Successful ACE shows Mich ahead of the entrepreneurial curve

There is a new bit of conventional wisdom forming in local circles: Michigan (the Ann Arbor area especially) is way ahead of the rest of nation when it comes to building small businesses and cultivating entrepreneurs.

Some concrete evidence of that popped up last week at the Annual Collaboration for Entrepreneurship in Ann Arbor's Skyline High School. Attendance almost doubled, going from 550 last year to 917 last week. That helped create a buzz of optimism about the state's small business climate that seems to be hitting a tipping point.

"Michigan really does do certain things well," says Gerry Roston, chair of the planning committee for this year's ACE and owner of the Pair of Docs Consulting in Saline. "There are a number of organizations that support entrepreneurship. We seem to have a lot more of these than other states and they work together really well."

He points to newcomers like Ann Arbor SPARK as gaining traction and working well with established organizations, like the New Enterprise Forum. A main focus of groups like this revolve around the idea of what's best for the entrepreneur. It's ethos like this that have attracted economic development agencies from Delaware and California to this year's ACE.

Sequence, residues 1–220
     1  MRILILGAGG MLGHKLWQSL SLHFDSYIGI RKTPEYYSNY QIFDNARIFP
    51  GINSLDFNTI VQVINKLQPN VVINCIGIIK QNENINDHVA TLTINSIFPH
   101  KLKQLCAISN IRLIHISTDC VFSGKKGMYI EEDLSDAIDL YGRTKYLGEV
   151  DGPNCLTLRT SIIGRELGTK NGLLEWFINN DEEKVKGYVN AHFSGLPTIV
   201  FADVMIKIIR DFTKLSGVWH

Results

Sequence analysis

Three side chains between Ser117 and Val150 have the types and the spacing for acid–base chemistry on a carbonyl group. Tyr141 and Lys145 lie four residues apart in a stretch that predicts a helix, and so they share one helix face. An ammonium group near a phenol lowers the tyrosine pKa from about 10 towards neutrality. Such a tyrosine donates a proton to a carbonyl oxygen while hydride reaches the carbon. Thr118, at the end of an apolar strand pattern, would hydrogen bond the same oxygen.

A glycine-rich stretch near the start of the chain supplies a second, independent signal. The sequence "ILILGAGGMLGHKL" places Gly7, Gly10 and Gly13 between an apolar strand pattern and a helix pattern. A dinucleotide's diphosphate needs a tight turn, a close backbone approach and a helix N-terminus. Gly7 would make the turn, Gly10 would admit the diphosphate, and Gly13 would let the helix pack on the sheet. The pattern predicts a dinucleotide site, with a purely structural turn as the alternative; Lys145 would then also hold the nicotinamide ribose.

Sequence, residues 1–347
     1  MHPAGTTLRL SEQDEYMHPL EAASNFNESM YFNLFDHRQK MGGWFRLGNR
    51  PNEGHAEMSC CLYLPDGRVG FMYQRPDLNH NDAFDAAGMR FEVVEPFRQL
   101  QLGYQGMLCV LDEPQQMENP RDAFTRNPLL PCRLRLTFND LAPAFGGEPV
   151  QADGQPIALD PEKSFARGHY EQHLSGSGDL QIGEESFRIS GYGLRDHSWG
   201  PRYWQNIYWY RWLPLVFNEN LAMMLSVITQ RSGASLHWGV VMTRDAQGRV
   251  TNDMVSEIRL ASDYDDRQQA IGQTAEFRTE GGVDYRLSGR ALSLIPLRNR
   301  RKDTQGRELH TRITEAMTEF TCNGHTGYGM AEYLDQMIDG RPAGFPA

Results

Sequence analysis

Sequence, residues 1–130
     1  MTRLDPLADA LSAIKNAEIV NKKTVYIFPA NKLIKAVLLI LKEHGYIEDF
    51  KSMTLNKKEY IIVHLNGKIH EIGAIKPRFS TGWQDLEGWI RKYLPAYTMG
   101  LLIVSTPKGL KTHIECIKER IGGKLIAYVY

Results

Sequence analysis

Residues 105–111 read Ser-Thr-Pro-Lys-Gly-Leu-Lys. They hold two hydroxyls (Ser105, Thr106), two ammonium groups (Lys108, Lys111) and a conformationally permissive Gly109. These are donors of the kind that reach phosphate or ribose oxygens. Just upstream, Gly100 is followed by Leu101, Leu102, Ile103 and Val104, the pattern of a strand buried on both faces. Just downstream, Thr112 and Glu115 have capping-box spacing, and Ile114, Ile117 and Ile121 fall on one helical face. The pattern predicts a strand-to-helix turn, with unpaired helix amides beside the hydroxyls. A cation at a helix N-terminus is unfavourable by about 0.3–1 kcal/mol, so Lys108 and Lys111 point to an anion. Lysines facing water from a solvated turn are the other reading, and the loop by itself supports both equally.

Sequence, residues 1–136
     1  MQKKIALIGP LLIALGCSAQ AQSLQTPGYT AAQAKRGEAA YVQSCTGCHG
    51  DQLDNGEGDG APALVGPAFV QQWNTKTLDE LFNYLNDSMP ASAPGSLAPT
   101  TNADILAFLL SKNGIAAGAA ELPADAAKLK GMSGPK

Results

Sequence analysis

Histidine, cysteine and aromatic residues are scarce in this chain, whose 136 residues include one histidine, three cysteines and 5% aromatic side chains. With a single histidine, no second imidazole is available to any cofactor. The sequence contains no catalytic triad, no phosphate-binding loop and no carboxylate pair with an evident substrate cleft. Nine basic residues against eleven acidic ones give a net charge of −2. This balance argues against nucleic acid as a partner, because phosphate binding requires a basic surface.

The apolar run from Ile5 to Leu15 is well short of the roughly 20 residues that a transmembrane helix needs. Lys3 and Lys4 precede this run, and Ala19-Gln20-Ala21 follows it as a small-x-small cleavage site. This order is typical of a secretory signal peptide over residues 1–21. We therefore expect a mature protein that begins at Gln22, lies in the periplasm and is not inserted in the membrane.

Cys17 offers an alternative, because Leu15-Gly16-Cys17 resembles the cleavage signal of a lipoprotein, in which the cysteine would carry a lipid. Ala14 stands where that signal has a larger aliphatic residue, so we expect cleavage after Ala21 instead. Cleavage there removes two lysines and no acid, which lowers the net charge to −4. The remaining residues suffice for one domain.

"They come to Michigan to see how it's done," Roston says.

That's not to say the local entrepreneur community has arrived. There is a lot of work to be done to support these burgeoning small businesses. Chief among those is start-up capital in an environment where it seems lenders are frozen in carbonite Han Solo style.

"We need to grow our venture capital community," Roston says. "We have funds here. They're great funds but they're smaller funds."

Which might explain one of the reasons why ACE was so popular this year. The event holds several contests that feature cold, hard start-up cash for the winners. Some of those include $1,000 for Intercollegiate Business Idea Pitch Competition (won by Ken Lange of Saginaw Valley State University for a telescoping dock), a year of corporate membership for NEF and virtual incubator tenancy in Ann Arbor SPARK (won by Howard Brown of Franklin-based CircleBuilder) and even $140 for the Twitter Biz Idea Contest, which was won by Barbara O’Connell of Ypsilanti's

On top of all of that, it was announced that Great Lake Entrepreneur Quest is partnering with the SmartZones/Michigan Economic Development Corp to offer a $100,000 pre-seed investment through the Michigan Pre-Seed Capital Fund, which is administered by Ann Arbor SPARK.

Source: Gerry Roston, chair of the planning committee for Annual Collaboration for Entrepreneurship
Writer: Jon Zemke
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